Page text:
Brian and Ashley Cotter of Wading River hope someone has a heart — for their 4-month-old daughter, Ruby June.
She needs a transplant because she has a rare and potentially fatal condition called dilated cardiomyopathy, which restricts how blood is pumped to the body and its vital organs.
Until the transplant, the couple has moved into her hospital room at NewYork-Presbyterian/Columbia University Irving Medical Center in Manhattan to care for their little girl, after being sent from Stony Brook Hospital on Sept. 4, where the couple first went when their daughter fell ill.
Brian Cotter, 35, who serves in the Air National Guard with the 102nd Rescue Squadron in Westhampton, rescues people from disasters like hurricanes or war zones. He was in Iraq in 2018 from January until June.
Now it's his little girl, on a transplant waiting list, who needs help.
His wife, Ashley Cotter, 29, said: “It’s bittersweet to wish for something like that. ... I mean, someone has to be so selfless to give their child’s [heart] to save someone else’s. Our daughter’s deserving, but their child doesn’t deserve it either, so we don’t want to think about it, but we know when that day comes it’s still going to be sad."
“It’s happy, but it’s sad, it’s fear, it’s every emotion you can possibly imagine,” she added.
Dr. Warren Zuckerman, a pediatric cardiologist on Ruby's care team, said the heart will come from a brain-dead baby or small child — it can be twice the recipient’s weight or as low as 75 percent of it.
In the meantime, he said, the care team wants her to develop and reach ordinary milestones.
“We’re really happy that she’s progressing as best she can given the fact that she’s being hospitalized for so many of these formative months,” Zuckerman said.
Until the transplant, Ruby is using a mechanical device known as a Berlin heart — which helps to take over pumping duties of the left ventricle. She's expected to be on the Berlin heart for about 2 or 3 months, according to Zuckerman. She has highest priority on the transplant list, based on how dire the need is.
Both Ashley and Brian — he’s also a military contractor and aviator and she’s in pharmaceuticals — have stopped working to address their daughter’s needs full-time. A GoFundMe campaign set up by their loved ones is seeking money to help with the couple’s mortgage, bills, car payments, food and other expenses. As of early Thursday evening, the campaign had raised $75,439 from 878 donors.
"We call it our studio apartment, with our baby, keeping her happy, and it's hard to really think about anything else besides that. I mean, we're both not working," Brian Cotter said. "We're both not home, our dogs are living with friends. Seeing what everyone else is doing — everyone else with their children — it's hard seeing everybody live their normal life while we're kind of stuck here."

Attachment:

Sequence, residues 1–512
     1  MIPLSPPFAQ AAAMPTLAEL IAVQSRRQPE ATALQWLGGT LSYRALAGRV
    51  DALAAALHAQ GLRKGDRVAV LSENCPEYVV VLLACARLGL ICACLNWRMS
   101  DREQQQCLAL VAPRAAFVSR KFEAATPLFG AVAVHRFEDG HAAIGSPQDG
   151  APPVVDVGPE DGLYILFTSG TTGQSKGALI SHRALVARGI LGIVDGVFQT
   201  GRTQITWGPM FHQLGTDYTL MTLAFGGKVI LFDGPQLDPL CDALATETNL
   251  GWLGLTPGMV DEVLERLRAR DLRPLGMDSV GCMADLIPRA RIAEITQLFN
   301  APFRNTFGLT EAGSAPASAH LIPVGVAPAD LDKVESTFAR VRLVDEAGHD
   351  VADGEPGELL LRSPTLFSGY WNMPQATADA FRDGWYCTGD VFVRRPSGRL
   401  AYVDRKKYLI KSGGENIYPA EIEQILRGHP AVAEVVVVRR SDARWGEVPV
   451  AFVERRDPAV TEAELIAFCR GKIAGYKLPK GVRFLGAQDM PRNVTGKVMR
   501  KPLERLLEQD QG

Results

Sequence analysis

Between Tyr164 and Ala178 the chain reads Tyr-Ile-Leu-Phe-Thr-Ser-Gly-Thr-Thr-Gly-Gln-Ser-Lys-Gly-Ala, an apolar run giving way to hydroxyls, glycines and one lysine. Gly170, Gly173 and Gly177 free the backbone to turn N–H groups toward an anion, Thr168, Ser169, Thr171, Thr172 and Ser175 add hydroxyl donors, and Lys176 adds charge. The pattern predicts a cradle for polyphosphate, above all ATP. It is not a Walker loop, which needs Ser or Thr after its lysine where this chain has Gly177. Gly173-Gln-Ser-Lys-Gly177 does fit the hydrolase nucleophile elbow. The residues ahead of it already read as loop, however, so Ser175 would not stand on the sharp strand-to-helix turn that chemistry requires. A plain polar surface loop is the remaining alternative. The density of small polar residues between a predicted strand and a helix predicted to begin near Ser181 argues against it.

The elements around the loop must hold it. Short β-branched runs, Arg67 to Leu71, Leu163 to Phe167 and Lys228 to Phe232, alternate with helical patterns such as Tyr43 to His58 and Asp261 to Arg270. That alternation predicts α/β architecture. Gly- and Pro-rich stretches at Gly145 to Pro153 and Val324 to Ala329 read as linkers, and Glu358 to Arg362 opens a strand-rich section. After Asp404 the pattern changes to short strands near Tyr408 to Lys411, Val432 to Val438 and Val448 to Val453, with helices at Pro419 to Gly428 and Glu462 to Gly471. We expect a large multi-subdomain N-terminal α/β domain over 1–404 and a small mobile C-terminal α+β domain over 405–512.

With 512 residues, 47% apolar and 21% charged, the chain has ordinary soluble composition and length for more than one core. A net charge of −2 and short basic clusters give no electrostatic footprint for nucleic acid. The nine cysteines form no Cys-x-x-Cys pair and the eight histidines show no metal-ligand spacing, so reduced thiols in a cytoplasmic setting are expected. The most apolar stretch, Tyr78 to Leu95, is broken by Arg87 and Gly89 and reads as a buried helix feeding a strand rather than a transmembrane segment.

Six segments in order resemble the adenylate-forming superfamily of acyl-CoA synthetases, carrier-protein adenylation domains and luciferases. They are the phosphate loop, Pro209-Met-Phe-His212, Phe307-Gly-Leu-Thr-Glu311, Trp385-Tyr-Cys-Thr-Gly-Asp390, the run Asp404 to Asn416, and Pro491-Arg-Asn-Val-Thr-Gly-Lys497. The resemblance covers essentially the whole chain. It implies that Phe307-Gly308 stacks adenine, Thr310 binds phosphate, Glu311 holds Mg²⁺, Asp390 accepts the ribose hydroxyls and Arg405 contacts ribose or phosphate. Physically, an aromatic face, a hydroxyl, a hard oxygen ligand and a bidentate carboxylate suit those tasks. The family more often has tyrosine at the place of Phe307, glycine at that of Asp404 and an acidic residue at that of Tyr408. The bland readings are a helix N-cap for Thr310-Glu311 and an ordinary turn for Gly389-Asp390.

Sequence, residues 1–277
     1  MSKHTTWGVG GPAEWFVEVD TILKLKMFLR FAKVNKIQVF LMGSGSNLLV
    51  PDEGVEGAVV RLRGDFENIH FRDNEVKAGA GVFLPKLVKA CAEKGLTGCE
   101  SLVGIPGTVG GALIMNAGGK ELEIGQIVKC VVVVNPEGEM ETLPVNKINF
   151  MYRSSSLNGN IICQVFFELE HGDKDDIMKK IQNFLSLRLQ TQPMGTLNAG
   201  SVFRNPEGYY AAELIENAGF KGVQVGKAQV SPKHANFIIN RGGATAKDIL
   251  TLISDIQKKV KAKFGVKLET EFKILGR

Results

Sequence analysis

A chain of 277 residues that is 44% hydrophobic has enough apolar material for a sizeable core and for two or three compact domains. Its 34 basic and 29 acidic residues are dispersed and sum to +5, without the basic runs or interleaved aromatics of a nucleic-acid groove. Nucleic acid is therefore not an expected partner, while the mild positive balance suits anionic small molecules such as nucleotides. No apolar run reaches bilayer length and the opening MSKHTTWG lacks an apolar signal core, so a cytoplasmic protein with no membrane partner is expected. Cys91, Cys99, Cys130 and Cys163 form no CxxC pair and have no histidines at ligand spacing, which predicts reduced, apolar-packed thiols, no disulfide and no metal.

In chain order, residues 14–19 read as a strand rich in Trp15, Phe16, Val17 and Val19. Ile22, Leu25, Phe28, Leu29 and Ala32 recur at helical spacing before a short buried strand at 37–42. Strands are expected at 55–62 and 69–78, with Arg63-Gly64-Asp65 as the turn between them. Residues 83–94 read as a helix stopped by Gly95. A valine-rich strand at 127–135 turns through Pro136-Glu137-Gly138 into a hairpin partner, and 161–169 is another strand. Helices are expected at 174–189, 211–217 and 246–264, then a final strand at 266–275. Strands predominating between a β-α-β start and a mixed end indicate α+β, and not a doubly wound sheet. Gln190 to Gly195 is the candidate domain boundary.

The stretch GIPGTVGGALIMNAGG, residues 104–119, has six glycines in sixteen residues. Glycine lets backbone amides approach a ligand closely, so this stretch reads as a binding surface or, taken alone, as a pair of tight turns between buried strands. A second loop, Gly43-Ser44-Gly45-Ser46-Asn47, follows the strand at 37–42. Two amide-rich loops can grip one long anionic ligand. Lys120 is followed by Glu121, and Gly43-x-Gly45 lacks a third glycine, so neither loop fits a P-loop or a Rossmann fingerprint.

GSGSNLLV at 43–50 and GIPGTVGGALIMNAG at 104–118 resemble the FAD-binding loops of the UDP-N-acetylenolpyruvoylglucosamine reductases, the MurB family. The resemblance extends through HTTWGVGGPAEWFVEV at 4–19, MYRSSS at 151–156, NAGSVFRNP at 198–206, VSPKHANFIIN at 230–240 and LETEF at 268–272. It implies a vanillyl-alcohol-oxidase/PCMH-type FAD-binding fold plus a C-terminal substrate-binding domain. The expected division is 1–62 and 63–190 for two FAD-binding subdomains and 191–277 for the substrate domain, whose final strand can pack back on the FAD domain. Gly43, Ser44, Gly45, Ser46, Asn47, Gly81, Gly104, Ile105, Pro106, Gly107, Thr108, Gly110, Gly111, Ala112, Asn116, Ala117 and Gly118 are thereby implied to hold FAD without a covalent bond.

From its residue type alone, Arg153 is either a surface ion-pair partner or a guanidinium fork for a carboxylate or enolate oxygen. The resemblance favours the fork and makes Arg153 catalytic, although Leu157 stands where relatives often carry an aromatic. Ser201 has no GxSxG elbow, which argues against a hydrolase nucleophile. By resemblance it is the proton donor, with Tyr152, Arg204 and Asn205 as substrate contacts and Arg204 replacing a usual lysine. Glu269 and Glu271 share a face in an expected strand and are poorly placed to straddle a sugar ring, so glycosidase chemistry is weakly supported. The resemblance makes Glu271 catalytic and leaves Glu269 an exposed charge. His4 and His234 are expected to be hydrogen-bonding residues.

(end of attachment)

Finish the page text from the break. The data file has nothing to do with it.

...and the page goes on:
The medical expenses are being covered by Brian Cotter's insurance, he said.
Knowing that people care about his family "is keeping us going, it's keeping us strong," he said.
"It's kind of restored my faith in humanity, a little bit, seeing how people show up when they're needed," he said, adding: "It makes us feel good knowing there's this whole army of people out there rooting for us."
Zuckerman said at least about 1 in 100,000 children are affected with the condition. The hospital does between 25 and 30 such transplants a year among patients 18 and younger. There are about 700 such transplants worldwide.
The early signs of the condition are failing to feed well, not gaining weight, sweating and difficulty breathing. The symptoms resemble a virus or cold, and in most cases end up as just that. So the couple said they didn't realize how serious Ruby's condition would be when they first went to Stony Brook Hospital because something didn't seem right with their daughter: her body was too warm and her limbs too cold. She was very pale, vomiting and dry heaving, and lethargic.
Most with dilated cardiomyopathy don’t need transplants. But Ruby does.
“Her heart function was quite poor,” Zuckerman said. Now, he added, she’s done “amazing.”
“She’s done really, really well. … She’s been awake and she’s been doing physical therapy, she’s being fed, she’s gaining weight, she’s interacted with her family — she’s adorable.”
More than 95% percent of transplant patients survive one year afterward, said Zuckerman. Ruby will need to be on immunosuppressant medication for the rest of her life. In an estimated 25 to 30 years, Zuckerman said, it's possible she'll need another heart transplant.
“Our patients go to school, our patients play sports, they dance, they can do pretty much everything that other children are able to do,” he said, adding: “Transplant patients run marathons, transplant patients have babies. Get married, have families.”